The Role of Urban Reserves in the Portland, Oregon Metropolitan Region.

Mr Edward Sullivan, Adjunct Professor of Urban Studies and Planning, Portland State University, USA will discuss The Role of Urban Reserves in the Portland, Oregon Metropolitan Region at the 8th International Urban Design Conference being held at the Sofitel Brisbane from 16 – 18 November 2015.

Edward Sullivan

Abstract: Unique among American planning systems, Oregon has developed a comprehensive growth strategy. Rural areas are separated from urban areas by an urban growth boundary (UGB) concentrating most urban uses within the boundary and fostering policies to provide urban levels of facilities and services, as wells as varying housing densities and intensities of industrial, employment, recreational and commercial uses. The UGB encompasses existing and anticipated urban uses over a rolling 20-year period. Expansion of the UGB requires extensive study and public process and is frequently contested. Those expansions often centre on the issue of whether adding land to the UGB might be avoided by requiring more intensive use in the existing UGB.

Planning beyond the 20-year timeframe includes “urban reserves,” i.e., those lands to be given first priority for UGB inclusions beyond the initial 20-year UGB horizon. Designating urban reserves is controversial, because it allows for inclusion of lands that are suitable for farm or forest use and would otherwise be assigned to a much lower priority for UGB additions. This is especially apparent in Washington County, a Portland suburb where intense demand for additional lands for the expanding electronics industry onto excellent adjacent farmland.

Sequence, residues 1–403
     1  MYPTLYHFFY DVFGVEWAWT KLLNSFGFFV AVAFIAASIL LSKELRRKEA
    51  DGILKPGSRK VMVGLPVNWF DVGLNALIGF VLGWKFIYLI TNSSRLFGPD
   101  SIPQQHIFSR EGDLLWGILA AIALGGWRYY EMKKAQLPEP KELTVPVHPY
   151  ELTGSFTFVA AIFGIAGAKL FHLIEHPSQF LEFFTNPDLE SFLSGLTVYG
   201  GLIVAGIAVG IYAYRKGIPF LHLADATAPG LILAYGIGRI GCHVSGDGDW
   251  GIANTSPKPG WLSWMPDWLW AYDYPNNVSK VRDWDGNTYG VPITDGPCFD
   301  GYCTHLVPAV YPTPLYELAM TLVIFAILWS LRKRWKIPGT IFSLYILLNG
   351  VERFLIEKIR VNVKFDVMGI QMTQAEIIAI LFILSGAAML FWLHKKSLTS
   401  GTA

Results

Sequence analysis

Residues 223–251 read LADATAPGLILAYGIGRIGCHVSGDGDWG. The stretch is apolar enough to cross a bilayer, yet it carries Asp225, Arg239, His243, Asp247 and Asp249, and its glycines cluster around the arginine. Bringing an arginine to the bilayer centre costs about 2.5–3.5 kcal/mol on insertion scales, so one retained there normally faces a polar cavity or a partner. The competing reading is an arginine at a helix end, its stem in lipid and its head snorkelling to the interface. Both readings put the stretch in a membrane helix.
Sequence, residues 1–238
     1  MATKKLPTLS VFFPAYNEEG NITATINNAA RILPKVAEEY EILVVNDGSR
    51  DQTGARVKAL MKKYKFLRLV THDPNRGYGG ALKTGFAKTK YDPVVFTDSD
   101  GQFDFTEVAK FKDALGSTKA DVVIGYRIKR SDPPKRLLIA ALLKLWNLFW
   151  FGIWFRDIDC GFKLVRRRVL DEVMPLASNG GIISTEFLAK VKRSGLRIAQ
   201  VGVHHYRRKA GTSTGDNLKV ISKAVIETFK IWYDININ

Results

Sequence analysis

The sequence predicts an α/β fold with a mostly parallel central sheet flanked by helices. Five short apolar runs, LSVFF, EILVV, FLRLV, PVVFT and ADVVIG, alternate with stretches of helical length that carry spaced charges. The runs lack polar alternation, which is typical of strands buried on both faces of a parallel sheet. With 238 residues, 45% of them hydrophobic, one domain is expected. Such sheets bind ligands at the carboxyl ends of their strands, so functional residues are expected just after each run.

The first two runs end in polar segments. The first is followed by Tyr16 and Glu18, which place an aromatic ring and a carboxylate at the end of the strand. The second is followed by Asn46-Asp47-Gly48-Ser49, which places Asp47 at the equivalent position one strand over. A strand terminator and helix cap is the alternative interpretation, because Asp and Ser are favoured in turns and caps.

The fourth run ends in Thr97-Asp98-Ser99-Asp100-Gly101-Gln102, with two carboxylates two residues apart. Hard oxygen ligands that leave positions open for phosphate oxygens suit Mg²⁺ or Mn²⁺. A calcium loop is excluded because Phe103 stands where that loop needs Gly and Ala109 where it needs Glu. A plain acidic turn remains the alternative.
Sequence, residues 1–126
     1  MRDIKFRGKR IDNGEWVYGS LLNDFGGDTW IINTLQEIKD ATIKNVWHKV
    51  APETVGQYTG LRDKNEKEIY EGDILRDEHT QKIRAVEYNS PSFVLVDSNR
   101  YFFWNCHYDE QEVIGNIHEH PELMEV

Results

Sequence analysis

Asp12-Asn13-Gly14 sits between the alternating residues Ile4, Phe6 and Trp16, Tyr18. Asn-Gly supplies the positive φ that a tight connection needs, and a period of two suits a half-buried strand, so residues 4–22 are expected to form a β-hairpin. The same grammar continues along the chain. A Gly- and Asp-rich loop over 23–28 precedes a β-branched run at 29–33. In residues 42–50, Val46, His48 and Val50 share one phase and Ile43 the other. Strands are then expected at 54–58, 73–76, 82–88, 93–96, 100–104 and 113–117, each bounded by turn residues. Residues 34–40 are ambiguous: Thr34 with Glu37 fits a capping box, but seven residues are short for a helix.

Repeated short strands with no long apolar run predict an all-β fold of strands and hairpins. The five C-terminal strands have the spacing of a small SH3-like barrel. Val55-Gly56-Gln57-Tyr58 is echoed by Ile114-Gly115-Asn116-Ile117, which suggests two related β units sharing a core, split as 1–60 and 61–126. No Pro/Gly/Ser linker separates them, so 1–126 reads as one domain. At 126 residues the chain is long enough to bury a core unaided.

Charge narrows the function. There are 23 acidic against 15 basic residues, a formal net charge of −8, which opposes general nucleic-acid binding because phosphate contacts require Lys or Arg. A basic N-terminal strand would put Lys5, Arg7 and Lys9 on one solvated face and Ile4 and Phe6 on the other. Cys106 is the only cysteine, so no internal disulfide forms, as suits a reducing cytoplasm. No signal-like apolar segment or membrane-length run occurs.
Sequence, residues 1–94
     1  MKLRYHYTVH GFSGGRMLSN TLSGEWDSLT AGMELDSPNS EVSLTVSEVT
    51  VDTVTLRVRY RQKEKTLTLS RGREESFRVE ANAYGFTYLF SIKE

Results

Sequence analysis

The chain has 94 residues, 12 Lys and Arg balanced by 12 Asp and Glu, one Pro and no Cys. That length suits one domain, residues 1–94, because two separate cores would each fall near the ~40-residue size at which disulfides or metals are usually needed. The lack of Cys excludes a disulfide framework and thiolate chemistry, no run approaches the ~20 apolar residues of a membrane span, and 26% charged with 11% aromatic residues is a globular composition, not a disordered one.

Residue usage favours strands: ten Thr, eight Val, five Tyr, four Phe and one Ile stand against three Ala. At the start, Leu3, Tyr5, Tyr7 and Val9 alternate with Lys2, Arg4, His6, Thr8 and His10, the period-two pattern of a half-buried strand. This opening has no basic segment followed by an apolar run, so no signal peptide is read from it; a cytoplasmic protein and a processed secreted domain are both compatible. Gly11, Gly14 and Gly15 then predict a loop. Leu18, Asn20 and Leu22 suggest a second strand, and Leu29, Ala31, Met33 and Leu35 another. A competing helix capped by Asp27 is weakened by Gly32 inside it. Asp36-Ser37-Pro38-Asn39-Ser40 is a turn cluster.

This presentation will discuss the practical issues involved in seeking to provide for both employment growth and preservation of an agricultural economy in the same region. The criteria for urban reserves are intentionally loosely drawn to provide policy makers with flexibility in determining both need and the precise lands to be designated for long-range urban use. The presentation will chronicle the eight-year experiment for use of this long range planning tool and conclude with some lessons learned from that experience.

For more information on this years’ 8th International Urban Design Conference and to secure your registration  to this fantastic event please visit the conference website.

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